Anti-aliased emacs

Volume 9, Issue 80; 17 Aug 2006; last modified 08 Oct 2010

“I can see clearly now…”

Yesterday, Tim Bray compared his experiences with Ubuntu Linux and OS X. Among the points in OS X's favor was the fact that OS X's Emacs uses anti-aliased fonts which are an “optional extra” on Linux and that Tim “wasn't willing to do the sources.list wrangling to get the bleeding-edge allegedly-anti-aliased Emacs.”

Heh. I've never bothered to follow the instructions to get anti-aliased fonts in Emacs either. But could it really be that big a deal?

You know I had to find out, right?

Getting, building, and installing Emacs with Xft support was mostly a doddle (one line of the “further patch” that Edd points to needs to be applied by hand as the sources have drifted a bit since the patch).

The results are pretty dramatic.

Emacs “normal” and “anti-aliased”

There's no question that the anti-aliased version looks better, but I'm not sure I find the distinction all that significant. I'm trying it for a while and I'll let you know.

The tricky bit is going to be finding an ideal replacement for “-adobe-courier-medium-r-normal-*-14-100-*-*-*-*-iso10646-1”, which is what I used to use. “Bitstream Vera Sans Mono-10” isn't bad, but it's slightly narrower and taller which means I get fewer lines to the screen. It's also missing some Unicode characters that I'd prefer to have ("“", "”", and "…", at least). Anyone have a better suggestion for a monospace font? (I'm quite willing to buy one if necessary).

Also in the “reason to be concerned” column, this anti-aliased Emacs is version which clearly behaves in some slightly different ways from 21.x. I couldn't get Gnus to work at all because it wants a bunch of different font families and colors (ok, maybe that was to be expected), the on-screen font highlighting is a bit flakey, the Emacs XML parser seems to have a different internal data structure, and I've seen a couple of other weirdnesses.

But life on the bleeding edge is fun, right?

Off topic: Another point Tim put in OS X's favor was Flash support, which I found amusing. The first extension I install for Firefox is the one that turns off that irritating noise. In fairness though, it is necessary for some sites (which I think is a pity, but that's neither here nor there).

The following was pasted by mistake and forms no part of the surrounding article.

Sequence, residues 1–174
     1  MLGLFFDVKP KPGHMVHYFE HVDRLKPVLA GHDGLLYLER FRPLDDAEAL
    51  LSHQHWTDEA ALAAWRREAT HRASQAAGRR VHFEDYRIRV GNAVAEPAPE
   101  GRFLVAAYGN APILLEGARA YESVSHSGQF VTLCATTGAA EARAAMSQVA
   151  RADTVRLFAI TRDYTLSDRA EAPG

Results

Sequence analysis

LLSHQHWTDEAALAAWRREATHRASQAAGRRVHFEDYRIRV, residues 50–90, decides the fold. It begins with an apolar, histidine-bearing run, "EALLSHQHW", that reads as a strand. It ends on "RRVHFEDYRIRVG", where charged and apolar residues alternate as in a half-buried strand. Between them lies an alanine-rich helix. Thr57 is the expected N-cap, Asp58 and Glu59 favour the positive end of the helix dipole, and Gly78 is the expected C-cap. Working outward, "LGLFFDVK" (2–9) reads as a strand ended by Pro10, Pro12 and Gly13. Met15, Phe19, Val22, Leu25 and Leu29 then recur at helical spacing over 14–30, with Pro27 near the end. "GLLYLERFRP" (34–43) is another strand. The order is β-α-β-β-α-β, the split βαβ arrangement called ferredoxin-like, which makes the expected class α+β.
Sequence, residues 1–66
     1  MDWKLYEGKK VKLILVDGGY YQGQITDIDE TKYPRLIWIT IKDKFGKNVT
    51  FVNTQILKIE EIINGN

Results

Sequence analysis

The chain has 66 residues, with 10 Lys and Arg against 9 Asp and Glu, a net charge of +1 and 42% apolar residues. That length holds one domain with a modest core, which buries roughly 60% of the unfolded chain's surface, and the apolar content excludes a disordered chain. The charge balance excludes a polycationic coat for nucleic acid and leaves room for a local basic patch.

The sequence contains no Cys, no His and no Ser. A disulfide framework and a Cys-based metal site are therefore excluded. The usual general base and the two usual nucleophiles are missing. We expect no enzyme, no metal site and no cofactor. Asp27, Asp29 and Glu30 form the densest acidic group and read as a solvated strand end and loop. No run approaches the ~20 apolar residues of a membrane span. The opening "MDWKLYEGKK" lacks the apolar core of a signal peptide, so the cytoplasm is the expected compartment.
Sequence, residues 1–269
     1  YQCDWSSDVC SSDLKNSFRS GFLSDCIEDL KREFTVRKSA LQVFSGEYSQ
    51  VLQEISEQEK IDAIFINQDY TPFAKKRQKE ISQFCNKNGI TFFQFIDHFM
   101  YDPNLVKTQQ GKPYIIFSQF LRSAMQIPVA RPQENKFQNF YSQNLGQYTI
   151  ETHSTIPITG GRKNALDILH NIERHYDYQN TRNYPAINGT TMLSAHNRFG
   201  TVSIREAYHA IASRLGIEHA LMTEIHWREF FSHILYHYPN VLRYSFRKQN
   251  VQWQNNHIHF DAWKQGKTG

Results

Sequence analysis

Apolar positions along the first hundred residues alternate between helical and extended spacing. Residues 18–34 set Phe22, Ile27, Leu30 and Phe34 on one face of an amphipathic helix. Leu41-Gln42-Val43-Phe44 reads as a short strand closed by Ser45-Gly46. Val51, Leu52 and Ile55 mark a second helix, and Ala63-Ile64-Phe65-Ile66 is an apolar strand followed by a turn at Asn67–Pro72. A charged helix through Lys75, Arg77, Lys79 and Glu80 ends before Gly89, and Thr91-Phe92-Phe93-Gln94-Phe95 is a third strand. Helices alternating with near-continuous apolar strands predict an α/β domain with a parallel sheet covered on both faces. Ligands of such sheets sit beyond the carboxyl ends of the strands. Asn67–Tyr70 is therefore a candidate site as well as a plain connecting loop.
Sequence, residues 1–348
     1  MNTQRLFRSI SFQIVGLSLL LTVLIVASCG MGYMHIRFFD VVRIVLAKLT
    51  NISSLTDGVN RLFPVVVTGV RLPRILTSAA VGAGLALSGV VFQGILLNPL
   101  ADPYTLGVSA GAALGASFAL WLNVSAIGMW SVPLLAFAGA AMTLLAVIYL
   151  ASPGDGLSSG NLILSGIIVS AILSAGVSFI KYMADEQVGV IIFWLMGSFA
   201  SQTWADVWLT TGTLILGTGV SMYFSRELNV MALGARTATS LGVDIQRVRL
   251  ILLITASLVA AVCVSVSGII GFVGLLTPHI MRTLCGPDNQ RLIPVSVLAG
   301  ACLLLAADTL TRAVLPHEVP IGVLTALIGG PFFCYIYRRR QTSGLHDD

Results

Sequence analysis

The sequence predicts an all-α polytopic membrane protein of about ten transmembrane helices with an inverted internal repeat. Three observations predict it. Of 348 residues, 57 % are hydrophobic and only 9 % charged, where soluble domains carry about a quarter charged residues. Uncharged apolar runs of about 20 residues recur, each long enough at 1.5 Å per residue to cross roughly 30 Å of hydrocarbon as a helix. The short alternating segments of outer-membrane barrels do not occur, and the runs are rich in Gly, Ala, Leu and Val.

Unfortunately, the Unicode characters are not missing from Bitstream Vera, but (IIRC) there is no code to display anything except ASCII (Latin-1?) in the xft patch.

There's a new branch emacs-unicode-2 (or is it unicode-xft?) in CVS that might be better in this regard.

—Posted by Martin Kretzschmar on 17 Aug 2006 @ 08:48 UTC #

There's a better version of an Xft-enabled emacs available now.

You can get it by following the instructions on:


—Posted by Duncan Mak on 17 Aug 2006 @ 09:29 UTC #

The Flash limitation is architecture specific; there's no Flash plugin for amd64. The only thing I really miss here is Homestar Runner, but the kicker is there's no Web Start in Sun's 64 bit Linux VM offerings, either. There are two solutions I know of: one is to not install the 64-bit version of your Linux distribution in the first place, and the other of which is to use the linux32 wrapper utility in combination with a 32-bit browser and JRE (and Flash) installation (there's a howto on the Ubuntu forums that covers this in detail). The former is the fate that befell the mighty Ultra 20 I use to develop JWS apps (ok, app).

The linux32 route worked well enough for those specific applications when I tried it, but I eventually gave up on that arrangement because the 32 bit Firefox was unable to use the 64 bit plugins that come with the distribution (e.g. archive manager).